Forest Park resident Maurice Mahon has made it to the big time.

After winning WGCI’s Chicago Idol contest in 2003, he’s toured four times with R. Kelly, opened for Alicia Keys, sung in front of 80,000 people in South Africa, and toured with Tyler Perry. In the fall, he’ll be coming out with a CD called The New Face of Soul.

Yet, what he wants to do most right now is perform at Forest Park’s SummerFest, coming up on June 4 and 5.

“I’m so wanting to do the community,” Mahon told the Review. “This is bigger to me than singing across the world. You know why? I want to generate all the love I’ve gotten from being a musician and a singer.”

Because the director of this year’s SummerFest, Cec Hardacker, has already booked the bands and filled the schedule for the event, she’s going to fit the Chicago Idol in between acts. One other possibility is to have him open the program on Saturday with the national anthem, as he did every night on a recent 42-state tour with R. Kelly.

Mahon hasn’t let his success as a singer go to his head.

“When I’m on stage,” he says, “it’s showtime. Other than that, it doesn’t pay to be above average. You do something great, and you come home and wash the dishes. You win a football game, and you come home and empty the garbage and feed your little brothers and sisters.”

That’s why he’s happy to live in Forest Park with his wife of 17 years, who works as a beauty consultant in Oak Park, and his 8-year-old son, who goes to Garfield Elementary School.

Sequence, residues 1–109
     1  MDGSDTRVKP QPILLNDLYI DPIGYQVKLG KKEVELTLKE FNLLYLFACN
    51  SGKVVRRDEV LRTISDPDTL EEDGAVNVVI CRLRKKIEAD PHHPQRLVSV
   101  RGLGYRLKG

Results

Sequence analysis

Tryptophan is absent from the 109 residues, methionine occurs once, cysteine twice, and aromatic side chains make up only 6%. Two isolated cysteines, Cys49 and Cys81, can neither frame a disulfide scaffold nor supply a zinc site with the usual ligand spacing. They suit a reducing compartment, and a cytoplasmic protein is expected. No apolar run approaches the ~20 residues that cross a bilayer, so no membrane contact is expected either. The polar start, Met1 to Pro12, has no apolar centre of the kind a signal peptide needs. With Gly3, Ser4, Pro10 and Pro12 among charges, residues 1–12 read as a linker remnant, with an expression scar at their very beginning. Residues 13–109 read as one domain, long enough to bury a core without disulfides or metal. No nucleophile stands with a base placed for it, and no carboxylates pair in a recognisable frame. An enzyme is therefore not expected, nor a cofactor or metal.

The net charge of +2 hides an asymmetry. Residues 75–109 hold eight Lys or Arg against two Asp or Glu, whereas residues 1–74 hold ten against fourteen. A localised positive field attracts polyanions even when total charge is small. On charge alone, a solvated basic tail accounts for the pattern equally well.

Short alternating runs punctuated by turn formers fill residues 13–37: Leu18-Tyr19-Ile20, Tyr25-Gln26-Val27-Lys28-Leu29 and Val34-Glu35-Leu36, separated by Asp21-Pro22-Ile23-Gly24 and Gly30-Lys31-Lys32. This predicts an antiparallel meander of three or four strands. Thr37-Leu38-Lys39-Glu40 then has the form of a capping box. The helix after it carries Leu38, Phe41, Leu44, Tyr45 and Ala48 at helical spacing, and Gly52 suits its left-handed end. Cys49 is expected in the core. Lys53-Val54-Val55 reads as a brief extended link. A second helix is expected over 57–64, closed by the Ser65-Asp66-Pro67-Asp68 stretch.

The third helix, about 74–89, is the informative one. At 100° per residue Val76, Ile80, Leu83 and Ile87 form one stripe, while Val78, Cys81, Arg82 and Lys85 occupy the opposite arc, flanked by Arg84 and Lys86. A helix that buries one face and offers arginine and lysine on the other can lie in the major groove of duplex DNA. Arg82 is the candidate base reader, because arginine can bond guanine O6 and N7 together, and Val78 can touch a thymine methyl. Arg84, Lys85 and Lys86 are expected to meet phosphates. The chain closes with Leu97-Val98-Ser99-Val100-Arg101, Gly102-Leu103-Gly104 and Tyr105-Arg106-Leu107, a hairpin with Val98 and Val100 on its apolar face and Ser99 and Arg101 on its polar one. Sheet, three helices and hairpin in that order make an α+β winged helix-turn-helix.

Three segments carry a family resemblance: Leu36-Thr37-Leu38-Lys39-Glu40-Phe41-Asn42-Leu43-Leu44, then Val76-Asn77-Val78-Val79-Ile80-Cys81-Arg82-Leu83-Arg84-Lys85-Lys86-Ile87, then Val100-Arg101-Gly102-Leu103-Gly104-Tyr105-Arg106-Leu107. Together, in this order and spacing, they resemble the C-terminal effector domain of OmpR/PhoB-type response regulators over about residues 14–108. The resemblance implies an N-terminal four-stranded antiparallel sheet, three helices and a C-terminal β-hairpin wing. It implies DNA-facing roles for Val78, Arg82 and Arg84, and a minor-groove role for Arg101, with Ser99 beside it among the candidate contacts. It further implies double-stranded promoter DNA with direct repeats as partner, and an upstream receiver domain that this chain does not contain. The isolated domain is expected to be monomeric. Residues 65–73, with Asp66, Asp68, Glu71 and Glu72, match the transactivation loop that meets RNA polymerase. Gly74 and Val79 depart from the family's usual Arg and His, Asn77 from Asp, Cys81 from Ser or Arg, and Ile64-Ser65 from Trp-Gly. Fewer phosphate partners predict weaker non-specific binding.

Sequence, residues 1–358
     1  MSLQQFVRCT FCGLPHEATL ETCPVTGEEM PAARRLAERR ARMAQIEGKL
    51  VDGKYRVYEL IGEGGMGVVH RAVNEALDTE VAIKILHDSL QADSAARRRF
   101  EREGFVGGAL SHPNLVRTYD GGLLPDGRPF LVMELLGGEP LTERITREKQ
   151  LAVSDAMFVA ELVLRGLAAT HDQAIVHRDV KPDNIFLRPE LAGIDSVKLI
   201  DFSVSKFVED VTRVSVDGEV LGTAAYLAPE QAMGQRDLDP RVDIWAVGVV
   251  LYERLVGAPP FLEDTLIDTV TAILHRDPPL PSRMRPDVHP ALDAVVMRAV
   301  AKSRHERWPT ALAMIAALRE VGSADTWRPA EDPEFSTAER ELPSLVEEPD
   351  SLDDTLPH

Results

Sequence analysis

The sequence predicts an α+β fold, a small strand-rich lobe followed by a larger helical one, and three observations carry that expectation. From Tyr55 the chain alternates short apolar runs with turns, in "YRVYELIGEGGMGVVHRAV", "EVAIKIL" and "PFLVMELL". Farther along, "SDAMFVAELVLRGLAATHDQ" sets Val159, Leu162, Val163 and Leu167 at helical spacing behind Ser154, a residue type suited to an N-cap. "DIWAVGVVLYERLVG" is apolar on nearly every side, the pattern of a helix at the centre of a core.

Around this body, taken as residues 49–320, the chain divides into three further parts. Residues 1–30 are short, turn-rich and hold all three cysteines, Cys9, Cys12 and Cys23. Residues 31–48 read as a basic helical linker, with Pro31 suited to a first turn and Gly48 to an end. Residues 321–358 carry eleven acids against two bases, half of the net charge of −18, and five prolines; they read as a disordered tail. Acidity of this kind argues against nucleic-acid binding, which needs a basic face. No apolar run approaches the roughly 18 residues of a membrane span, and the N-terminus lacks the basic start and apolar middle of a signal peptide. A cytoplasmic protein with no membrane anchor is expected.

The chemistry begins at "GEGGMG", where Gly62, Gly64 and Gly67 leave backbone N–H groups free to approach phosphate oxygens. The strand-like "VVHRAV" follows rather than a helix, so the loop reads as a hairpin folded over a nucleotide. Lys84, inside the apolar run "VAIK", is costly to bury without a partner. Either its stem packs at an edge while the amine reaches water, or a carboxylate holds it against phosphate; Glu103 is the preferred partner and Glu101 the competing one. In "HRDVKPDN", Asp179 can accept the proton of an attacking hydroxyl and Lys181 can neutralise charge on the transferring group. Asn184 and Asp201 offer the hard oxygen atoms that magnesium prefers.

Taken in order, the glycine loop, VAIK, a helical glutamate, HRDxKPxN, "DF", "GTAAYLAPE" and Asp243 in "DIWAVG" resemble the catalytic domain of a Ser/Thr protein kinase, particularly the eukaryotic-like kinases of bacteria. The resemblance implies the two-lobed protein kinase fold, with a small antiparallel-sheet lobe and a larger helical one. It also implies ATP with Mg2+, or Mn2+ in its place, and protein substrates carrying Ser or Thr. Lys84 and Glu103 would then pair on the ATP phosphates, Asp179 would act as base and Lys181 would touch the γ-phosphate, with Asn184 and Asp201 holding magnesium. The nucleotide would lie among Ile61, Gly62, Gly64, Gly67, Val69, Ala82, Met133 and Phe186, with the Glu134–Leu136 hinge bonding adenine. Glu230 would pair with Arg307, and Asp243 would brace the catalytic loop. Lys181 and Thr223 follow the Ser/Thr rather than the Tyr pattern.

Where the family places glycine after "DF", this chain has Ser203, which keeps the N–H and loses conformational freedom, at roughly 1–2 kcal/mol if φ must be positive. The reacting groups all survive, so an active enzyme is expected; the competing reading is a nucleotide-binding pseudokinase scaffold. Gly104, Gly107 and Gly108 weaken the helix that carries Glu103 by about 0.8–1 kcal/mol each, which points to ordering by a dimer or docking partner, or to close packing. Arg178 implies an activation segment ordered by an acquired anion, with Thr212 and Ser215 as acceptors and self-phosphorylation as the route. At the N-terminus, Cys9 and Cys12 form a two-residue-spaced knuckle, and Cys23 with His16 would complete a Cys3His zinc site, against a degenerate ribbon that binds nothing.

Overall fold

Although his business card says “Maurice Mahon, ENTERTAINER,” he understands what he does onstage to be a form of ministry.

“When you’re onstage,” he says, “that’s your congregation right there. I think being in church all those years had everything to do with being able to connect with people. I just did a show at the DuSable Museum with Julia Huff three Saturdays ago – 1,700 people. The place was packed, and they connected. It’s like having a conversation.”

He acknowledged that music is a powerful medium that can have a big influence, especially on young people. In a sense, a talented singer has a certain power over his audience. “You can give them poison or you can give them life,” Mahon says. “I prefer giving life.”

Even when what he’s performing isn’t gospel music, Mahon refers to his program as inspirational. That’s why he’s so eager to share his music at this local level. “If 10 guys of my color would see me doing a positive thing,” he said, “they might be changed and empower 10 others.”

And then he added, “Soul music doesn’t have a color to it. It’s what you write from your heart. Donny Hathaway, Stevie Wonder and Smokey Robinson wrote the greatest lyrics. But so did Elton John and Paul McCartney.”

He said that his music, what he calls the new face of soul, is simply an extension of what those great songwriters began. To see and hear Mahon sing, go to To get an update of when he’ll sing at Summerfest, go to

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